March 1, 2013

Bishop Chatard team will compete in national robotics championship

Bishop Chatard High School students Joe Bormann, left, Jacob Mack, Courtney Thompson and Robert Dooley work on one of the robots that their team built for the Indianapolis VEX Robotics Championship in Indianapolis on Jan. 19-20. Four teams from Catholic schools in the archdiocese finished in the top 10 at the competition. (Photo by John Shaughnessy)

Bishop Chatard High School students Joe Bormann, left, Jacob Mack, Courtney Thompson and Robert Dooley work on one of the robots that their team built for the Indianapolis VEX Robotics Championship in Indianapolis on Jan. 19-20. Four teams from Catholic schools in the archdiocese finished in the top 10 at the competition. (Photo by John Shaughnessy)

By John Shaughnessy

As he prepared his teams for the first-ever competition in Indianapolis, Andy Mundell adopted the approach that many good teachers take.

He wanted his high school students to build their confidence as they tried to do something most of them had never done previously.

He stressed that making mistakes and learning from them are crucial parts of the learning process.

He also hoped that the experience would spark a flame in them that would possibly lead to a continued interest in college and maybe even a career.

Oh yeah, he also had another goal:

“I wanted them to have fun,” Mundell said.

The coach never focused on how the teams from Bishop Chatard High School in Indianapolis would finish in the first Indianapolis VEX Robotics Championship at Bankers Life Fieldhouse on Jan. 19-20.

“I just kept congratulating them on what they had already accomplished—that they had built a robot, they had started something new, and they would represent the school well,” said Mundell, who teaches physics at the archdiocesan interparochial high school for the Indianapolis North Deanery.

Of the 40 teams that participated in the competition, the two teams from Bishop Chatard placed third and fifth in the event that was hosted by the Mayor’s Office of Indianapolis to fuel students’ involvement in the areas of math, science, technology and engineering.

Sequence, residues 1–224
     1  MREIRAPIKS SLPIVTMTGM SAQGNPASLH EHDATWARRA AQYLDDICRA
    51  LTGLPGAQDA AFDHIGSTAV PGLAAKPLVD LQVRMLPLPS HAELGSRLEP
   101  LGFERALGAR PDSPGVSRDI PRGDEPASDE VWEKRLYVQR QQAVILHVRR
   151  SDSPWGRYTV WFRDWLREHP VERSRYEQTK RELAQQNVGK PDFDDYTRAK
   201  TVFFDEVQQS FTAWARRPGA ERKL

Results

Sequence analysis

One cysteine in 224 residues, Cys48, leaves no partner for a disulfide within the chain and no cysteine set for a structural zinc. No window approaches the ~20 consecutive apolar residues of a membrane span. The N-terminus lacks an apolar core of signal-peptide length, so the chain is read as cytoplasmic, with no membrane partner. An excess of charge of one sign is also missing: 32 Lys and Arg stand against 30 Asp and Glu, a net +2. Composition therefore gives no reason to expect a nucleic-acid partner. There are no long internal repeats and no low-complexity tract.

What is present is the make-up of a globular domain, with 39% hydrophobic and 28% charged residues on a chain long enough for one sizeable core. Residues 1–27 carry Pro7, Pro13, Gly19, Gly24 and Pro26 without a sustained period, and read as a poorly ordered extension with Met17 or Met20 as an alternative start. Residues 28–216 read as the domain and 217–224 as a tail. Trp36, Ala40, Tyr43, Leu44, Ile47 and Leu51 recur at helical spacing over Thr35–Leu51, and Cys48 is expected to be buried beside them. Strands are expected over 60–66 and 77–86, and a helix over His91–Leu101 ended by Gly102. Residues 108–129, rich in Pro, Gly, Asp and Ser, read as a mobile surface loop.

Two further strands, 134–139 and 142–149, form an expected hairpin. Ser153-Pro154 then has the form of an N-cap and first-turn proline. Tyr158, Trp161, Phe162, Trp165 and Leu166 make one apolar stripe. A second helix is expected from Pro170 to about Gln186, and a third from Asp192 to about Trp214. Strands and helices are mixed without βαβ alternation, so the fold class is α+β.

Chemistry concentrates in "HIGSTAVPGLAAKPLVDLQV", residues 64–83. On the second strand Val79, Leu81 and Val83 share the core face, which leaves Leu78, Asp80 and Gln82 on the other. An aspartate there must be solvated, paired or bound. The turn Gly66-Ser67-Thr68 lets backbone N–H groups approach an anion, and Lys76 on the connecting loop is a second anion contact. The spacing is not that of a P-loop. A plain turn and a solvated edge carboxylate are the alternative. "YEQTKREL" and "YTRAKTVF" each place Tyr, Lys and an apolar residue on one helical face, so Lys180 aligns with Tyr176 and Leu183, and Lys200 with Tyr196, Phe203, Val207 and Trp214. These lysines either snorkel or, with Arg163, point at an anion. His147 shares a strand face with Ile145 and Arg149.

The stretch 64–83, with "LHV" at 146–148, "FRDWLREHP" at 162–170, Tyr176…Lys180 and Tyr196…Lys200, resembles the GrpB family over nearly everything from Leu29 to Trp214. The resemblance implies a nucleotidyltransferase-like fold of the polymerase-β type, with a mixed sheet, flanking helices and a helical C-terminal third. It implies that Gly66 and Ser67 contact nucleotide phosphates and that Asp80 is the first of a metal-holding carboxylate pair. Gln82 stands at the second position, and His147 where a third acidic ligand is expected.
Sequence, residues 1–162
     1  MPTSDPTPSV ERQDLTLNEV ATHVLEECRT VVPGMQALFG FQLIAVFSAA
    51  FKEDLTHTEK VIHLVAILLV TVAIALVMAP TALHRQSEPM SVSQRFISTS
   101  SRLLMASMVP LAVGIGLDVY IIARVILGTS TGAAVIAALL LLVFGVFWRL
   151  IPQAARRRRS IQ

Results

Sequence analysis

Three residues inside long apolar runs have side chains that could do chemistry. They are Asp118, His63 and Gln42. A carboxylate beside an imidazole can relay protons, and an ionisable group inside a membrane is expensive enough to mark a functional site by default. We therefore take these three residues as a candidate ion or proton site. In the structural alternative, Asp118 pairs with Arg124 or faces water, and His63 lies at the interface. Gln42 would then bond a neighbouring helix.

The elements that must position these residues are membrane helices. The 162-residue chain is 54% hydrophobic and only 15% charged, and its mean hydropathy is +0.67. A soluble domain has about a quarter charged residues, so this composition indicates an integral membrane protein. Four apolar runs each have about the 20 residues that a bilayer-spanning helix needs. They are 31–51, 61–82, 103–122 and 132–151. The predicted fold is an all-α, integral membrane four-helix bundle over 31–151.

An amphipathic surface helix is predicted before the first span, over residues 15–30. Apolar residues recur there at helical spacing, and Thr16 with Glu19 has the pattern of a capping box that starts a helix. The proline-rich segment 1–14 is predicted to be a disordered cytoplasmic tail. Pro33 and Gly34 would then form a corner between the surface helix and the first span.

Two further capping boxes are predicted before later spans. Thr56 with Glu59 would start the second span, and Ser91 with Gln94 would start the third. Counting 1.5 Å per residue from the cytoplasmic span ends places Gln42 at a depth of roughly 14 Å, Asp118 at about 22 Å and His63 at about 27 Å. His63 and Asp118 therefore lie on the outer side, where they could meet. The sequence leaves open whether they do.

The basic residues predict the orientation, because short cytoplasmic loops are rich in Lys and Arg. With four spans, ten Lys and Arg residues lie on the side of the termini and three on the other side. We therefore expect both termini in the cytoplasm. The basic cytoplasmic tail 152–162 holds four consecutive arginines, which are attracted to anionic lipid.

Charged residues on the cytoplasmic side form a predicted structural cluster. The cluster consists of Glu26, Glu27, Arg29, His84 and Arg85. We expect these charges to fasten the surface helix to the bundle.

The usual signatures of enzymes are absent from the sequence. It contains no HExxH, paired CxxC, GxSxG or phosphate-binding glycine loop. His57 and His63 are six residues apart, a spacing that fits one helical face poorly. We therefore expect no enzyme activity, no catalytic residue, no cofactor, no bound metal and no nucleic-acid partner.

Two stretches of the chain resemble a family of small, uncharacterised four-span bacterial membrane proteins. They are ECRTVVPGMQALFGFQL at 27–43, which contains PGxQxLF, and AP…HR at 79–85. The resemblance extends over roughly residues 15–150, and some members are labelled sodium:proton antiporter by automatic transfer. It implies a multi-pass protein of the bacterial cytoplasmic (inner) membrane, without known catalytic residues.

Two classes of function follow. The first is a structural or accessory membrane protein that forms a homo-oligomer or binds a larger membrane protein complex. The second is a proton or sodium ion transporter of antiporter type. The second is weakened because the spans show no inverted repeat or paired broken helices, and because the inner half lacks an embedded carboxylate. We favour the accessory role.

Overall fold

The success of the Bishop Chatard teams reflected the overall achievement of Catholic high schools in Indianapolis in the competition as the robotic teams from Cardinal Ritter Jr./Sr. High School—sixth place—and Roncalli High School—10th place—also placed in the top 10.

Teams from Cathedral High School and Father Thomas Scecina Memorial High School also participated.

Bishop Chatard’s third-place-finishing team also won the competition’s Amaze Award, given to the team with an “amazing, well-rounded and top performing robot.” That team also qualified for the U.S. National VEX Robotics Championship on March 7-9 in Ralston, Neb.

“It’s such an accomplishment to build these robots,” Mundell noted. “It’s been kind of a whirlwind since we started in October.”

That’s when VEX Robotics provided the kits that team members had to assemble into a robot. Students then had to program and prepare the robot for a competition that involved directing the robot in a series of tasks.

Mundell gave the credit to the teams’ members, saying, “It’s a lot of trial and error on their part. It really didn’t take much more than pointing them in the right direction and asking them to think critically about it.”

The teams’ members enjoyed the different approach to learning.

“In the classroom, all the equations work out perfectly,” said Deegan Atha, a Bishop Chatard senior and a robotics team captain. “Here, you have to try different things. You might have an idea, and then there’s a problem. So you have to keep going back and checking your progress.”

Junior Eric Rohrbach was one of the few students on the Bishop Chatard teams who had previous experience in working with robots.

“When I heard Chatard was going to have a team, I thought it would be fun,” said Eric, who is also a team captain. “I thought we could be competitive, but I wasn’t expecting us to be good enough to make it to the finals.”

The national championships will be another “great learning opportunity” for the students, Mundell said.

“It should be a lot of fun,” he said. “We’ve already had so much positive reaction from other students, parents and teachers. It’s a huge boost for the program going forward. I’m just very proud of them.” †

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